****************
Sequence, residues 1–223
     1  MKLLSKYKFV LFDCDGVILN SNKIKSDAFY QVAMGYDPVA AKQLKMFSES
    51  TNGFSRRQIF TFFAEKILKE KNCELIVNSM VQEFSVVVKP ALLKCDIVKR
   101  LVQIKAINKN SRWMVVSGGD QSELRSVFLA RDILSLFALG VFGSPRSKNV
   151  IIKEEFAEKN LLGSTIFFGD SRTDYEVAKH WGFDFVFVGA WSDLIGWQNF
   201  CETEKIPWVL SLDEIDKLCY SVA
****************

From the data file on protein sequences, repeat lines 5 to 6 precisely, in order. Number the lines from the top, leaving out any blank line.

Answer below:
   151  IIKEEFAEKN LLGSTIFFGD SRTDYEVAKH WGFDFVFVGA WSDLIGWQNF
   201  CETEKIPWVL SLDEIDKLCY SVA